As an all-purpose freelance editor, I field projects in all stages of development: brainstorming, developmental editing, line-by-line polishing, and the final spit-shine of proofreading. However, some individuals who contact me have projects that are not ready for an editor. If I take projects in all stages of development, how can any project be unready?
It depends on the project, and it depends on the author. First and foremost, before writers hire an editor, they should do enough work to make themselves proud. There are three main reasons why you should contract outside help with your writing, and the third reason doesn’t apply to everyone.
1. You have done all you can and you want your work to reach another level.
As per the Looseleaf editorial philosophy, I believe editors should help writers become better writers. That can’t happen if you, as the writer, throw down whatever comes to mind and chuck it at an editor. Chances are, you’ll chuck over a lot of stuff you could have fixed yourself, which means the editor wastes his or her time (and yours) fixing things you already know how to handle.
If you have 20 pages of a novel and a skeletal outline, you don’t yet need an editor: you need to write. If you have a manuscript with a chapter you know how to fix, you don’t yet need an editor: you need to revise.
But if you wrote the whole thing and tightened up all the chapters and sentences you could and you still want to take it up a notch, it may be time to bring in an editor. An editor can find what you couldn’t see yourself.
2. You have a specific change you want to make, and you’re not sure how to do it on your own (or that change would be many times easier for fresh eyes).
Many people rightly hire an editor when they have a specific task they want accomplished, but aren’t sure how to go about it. Some writers need to cut thousands of words but can’t decide what needs to go. Some researchers want to repurpose their work to reach a lay audience but don’t think they can see what needs to be changed. You might also need to condense a cast of characters, streamline your argument, or find where your plot won’t hold water.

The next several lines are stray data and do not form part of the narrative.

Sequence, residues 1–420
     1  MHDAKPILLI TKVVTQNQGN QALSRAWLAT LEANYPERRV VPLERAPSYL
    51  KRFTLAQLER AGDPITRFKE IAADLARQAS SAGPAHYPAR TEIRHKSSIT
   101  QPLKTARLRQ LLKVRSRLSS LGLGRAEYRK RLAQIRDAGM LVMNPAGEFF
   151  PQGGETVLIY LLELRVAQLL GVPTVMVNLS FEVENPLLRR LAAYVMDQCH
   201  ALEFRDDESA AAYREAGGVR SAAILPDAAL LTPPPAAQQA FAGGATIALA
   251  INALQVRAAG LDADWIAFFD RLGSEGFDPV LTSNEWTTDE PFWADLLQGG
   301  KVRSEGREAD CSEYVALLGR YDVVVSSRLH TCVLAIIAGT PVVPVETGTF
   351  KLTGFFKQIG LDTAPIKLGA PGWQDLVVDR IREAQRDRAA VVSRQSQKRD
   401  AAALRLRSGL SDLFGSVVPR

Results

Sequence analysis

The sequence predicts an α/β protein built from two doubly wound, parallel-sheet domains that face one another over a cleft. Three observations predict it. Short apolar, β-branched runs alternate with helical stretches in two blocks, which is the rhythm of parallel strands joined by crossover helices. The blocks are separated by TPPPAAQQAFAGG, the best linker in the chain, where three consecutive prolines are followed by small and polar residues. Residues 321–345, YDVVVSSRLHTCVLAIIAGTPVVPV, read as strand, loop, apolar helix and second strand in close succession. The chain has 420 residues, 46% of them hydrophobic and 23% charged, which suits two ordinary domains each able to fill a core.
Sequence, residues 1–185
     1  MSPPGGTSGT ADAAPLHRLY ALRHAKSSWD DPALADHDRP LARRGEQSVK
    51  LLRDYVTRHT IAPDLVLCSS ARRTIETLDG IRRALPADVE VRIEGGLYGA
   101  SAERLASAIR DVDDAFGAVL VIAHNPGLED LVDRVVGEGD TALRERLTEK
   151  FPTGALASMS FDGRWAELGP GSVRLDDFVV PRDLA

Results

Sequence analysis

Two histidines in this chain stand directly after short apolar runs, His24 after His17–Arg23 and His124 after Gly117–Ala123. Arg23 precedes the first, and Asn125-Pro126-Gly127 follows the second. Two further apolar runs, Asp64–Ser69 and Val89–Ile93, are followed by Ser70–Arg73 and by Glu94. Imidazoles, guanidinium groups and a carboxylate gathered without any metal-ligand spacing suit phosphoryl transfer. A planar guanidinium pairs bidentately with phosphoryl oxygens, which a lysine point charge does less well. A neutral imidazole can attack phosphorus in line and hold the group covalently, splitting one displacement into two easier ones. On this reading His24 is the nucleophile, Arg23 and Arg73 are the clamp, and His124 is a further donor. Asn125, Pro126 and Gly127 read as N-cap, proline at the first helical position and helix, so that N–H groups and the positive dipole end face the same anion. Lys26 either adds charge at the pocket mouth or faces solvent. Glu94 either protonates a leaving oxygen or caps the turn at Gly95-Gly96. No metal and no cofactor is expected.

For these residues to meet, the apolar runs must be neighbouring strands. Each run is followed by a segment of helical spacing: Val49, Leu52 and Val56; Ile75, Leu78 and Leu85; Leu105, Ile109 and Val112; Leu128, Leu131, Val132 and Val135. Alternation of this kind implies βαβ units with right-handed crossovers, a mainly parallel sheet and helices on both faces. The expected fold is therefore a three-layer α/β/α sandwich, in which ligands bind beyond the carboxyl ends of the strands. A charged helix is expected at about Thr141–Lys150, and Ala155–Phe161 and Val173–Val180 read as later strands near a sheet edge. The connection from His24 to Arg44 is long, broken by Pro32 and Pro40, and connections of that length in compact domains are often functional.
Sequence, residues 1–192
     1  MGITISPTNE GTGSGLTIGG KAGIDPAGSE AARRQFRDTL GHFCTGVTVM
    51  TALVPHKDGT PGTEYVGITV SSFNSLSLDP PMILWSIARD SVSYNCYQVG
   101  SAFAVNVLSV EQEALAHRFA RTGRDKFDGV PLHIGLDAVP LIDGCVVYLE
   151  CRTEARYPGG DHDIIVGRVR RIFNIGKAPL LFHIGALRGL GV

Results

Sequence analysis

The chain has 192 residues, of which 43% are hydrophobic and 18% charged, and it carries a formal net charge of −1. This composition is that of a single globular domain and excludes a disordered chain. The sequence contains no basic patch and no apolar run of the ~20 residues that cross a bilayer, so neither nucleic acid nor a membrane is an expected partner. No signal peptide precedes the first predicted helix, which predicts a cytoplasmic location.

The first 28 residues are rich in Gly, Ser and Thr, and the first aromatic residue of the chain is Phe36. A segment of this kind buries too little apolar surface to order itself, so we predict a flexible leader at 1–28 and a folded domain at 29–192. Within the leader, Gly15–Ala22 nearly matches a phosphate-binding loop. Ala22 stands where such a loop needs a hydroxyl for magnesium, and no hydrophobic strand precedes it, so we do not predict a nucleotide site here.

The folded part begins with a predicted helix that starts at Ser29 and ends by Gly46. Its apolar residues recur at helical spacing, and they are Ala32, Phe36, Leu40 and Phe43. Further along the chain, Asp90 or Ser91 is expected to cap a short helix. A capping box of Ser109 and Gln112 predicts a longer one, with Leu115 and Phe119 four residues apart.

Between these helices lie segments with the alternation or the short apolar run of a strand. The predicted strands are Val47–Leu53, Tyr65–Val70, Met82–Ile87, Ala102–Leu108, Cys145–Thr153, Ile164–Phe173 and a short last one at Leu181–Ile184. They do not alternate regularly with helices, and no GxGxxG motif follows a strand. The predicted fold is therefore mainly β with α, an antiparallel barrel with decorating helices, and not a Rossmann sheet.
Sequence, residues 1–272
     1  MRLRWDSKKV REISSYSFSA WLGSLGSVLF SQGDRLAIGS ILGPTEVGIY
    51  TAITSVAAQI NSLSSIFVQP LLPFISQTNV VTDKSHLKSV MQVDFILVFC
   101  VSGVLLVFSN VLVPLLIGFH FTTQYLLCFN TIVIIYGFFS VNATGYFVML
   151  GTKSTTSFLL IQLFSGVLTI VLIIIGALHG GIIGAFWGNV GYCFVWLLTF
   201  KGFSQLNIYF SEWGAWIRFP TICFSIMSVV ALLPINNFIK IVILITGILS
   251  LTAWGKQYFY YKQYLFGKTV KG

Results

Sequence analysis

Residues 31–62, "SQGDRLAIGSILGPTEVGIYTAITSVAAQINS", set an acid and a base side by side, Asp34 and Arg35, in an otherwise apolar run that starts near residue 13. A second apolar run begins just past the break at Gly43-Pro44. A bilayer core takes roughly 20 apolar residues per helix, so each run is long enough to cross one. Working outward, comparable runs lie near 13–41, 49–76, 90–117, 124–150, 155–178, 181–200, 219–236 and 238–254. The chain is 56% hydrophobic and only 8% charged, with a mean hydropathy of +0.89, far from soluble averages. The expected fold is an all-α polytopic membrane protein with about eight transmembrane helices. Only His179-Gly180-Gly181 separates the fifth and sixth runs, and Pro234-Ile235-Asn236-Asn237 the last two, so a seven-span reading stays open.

This is a good time to get outside help. You have a specific task in mind, which makes it easier for the editor to help you.
This reason also applies to tasks like copyediting and proofreading, which are much easier for fresh eyes to do. For these types of editing, your specific task is taking out grammar, punctuation, and stylistic errors, and it’s easier for an editor to do that because he or she will not already be neck deep in your prose.
3. You’ve done all the work you’re keen on doing, but you need more work done.
The third reason most often comes up with researchers and businesses that are on tight deadlines. If you’re someone who needs to write to communicate, but you don’t pride yourself on your writing, then you might write the basics of what you need and have an editor to fix it up. Could you have done the task yourself? Maybe, but then again maybe you don’t consider writing your best work. Maybe your best work is the research, the ideas behind the business, or the conceptual work. The phrase-by-phrase writing doesn’t concern you as much, so passing that part to an editor or ghostwriter frees up more of your time for the parts in which you excel. You get to do more of the work that makes you proud.
I don’t recommend this reason for individuals who pride themselves on being writers. It’s rare for this reason to apply to a novelist, for example, because novelists are known primarily for their writing. Once you’ve done all the writing work you can, then you’re ready for an editor, and you can claim your own work with pride.